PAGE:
Counting Notre Dame, there are 65 Power Five Conference-level football programs.
Of that 65, all but six have enjoyed at least one double-digit win football season in the 21st Century.
Amazingly, three Power Five conference schools — Indiana of the Big Ten, Iowa State of the Big 12 and Vanderbilt of the Southeastern Conference — have never won as many as 10 games in one football season in any century.
Virginia of the ACC has not won as many as 10 since 1989.
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Purdue of the Big Ten has not reached double-figure victories since 1979.
And Kentucky of the SEC last won 10 games in 1977.
Unlike the other five, however, UK Coach Mark Stoops and the Wildcats can still remove Kentucky from that list this season.
When the No. 14 Wildcats (9-3) face No. 12 Penn State (9-3) in the VRBO Citrus Bowl on New Year’s Day in Orlando, the Cats can claim what would be only the third 10-victory season in Kentucky football history.
“It would mean the world,” Kentucky middle linebacker Kash Daniel says. “That’s something that hasn’t been done here in a very long time.”
It has already been a blue-letter year for Kentucky football in breaking through negative barriers.
UK has secured its first nine-win season overall since Jerry Claiborne’s 1984 Hall of Fame Bowl championship team (9-3).
Kentucky has reached nine wins in a regular season for the first time since Fran Curci’s 1977 Wildcats finished 10-1.
At 5-3, the Cats produced a winning record in SEC games for the first time since 1977 (6-0).
Though word apparently failed to reach the College Football Playoff Selection Committee in time to inform their rankings, Kentucky snapped what had been an embarrassing 31-game losing streak to league rival Florida by administering a 27-16 beating to the Gators in Gainesville in Week 2.
That win over Florida (9-3, 5-3 SEC) gave UK the conference tiebreaker on the Gators and meant the Cats finished second in the SEC East for the first time since the league split into divisions in 1992.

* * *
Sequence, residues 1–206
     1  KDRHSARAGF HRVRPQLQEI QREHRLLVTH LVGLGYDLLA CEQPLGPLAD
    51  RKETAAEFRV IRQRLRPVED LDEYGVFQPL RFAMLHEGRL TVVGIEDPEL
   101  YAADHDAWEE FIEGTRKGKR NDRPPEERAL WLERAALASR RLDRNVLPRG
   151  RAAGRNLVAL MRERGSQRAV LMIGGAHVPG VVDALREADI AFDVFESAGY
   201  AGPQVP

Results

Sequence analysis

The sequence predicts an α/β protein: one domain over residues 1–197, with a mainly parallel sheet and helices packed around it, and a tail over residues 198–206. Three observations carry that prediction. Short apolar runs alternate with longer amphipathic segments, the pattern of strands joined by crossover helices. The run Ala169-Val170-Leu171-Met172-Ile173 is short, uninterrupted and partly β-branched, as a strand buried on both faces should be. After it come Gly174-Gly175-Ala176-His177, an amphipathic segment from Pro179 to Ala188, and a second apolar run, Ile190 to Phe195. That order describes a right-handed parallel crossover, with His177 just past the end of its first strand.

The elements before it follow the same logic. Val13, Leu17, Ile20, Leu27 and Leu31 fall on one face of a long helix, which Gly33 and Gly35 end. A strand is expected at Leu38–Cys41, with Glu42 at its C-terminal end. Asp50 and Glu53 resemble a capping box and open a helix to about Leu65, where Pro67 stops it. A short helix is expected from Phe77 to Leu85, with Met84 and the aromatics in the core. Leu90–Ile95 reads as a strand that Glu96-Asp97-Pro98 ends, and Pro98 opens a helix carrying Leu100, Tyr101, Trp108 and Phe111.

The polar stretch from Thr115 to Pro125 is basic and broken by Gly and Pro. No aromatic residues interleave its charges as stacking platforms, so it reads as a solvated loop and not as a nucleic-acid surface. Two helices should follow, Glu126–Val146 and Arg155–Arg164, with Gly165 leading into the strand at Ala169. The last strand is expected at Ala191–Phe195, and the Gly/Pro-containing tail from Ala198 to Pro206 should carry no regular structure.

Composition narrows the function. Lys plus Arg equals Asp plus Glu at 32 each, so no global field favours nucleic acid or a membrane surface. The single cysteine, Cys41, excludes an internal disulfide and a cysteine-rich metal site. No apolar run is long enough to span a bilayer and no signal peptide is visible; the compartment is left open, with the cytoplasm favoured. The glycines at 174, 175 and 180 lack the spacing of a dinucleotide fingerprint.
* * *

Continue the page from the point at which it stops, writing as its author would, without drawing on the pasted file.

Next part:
For Kentucky football, it is hard to overstate how important it is to smash through the negative boundaries on achievement that have formed because of decades of mediocre-to-worse Wildcats performance.
Each time Kentucky football registers a positive break through, it removes an arrow from the negative-recruiting quiver that opponents have eternally used against UK.
Even more importantly, when Kentucky crosses a constraining threshold, it expands the paradigm of what is realistically possible for Wildcats football.
“They’ve worked extremely hard to be 9-3, be 14th in the CFP rankings, to have an opportunity to have a 5-3 record in SEC play,” UK Athletics Director Mitch Barnhart said Sunday night of the current Cats. “To do the things on the field that they’ve done, to set new standards and do new things that we haven’t done in an awfully long time at Kentucky is exciting.”
Bowl games that are outside the College Football Playoffs semifinals often turn on which team actually wants to be there.
It will be interesting to see how much inspiration Penn State brings to Orlando, as the Nittany Lions began the season with higher aspirations than the Citrus Bowl.
Then again, as James Franklin showed emphatically during his successful three seasons at Vanderbilt (2011-13), the Penn State head man usually finds the button to push to have his teams ready to play.
For all the positive moments in Kentucky’s 2018 season, the Wildcats left some “money on the table” in the form of missed opportunities.
UK lost its chance to win the SEC East for the first time ever when it was beaten by a better team, Georgia, 34-17, at Kroger Field on Nov. 3.
In a game that will long haunt UK fans, the Cats likely cost themselves their first major bowl appearance since the 1952 Cotton Bowl when they were beaten by an inferior team, a listless 24-7 defeat at Tennessee (5-7, 2-6 SEC) one week later.
Nevertheless, the chance to get to 10 victories should be plenty motivating for Kentucky in the Citrus Bowl.
“Not only just to be a part of (a 10-win team) now, but when I’m done playing football and all that stuff, I can look back and say ‘That was my team’ and be proud of it and be something I can hold on to for the rest of my life,” says Kash Daniel.
A final positive breakthrough to cap a season filled with them is what Kentucky will have at stake on New Year’s Day in sunny F-l-a.
Kentucky vs. Penn State
When: 1 p.m. Tuesday, Jan. 1
Where: Camping World Stadium in Orlando, Fla.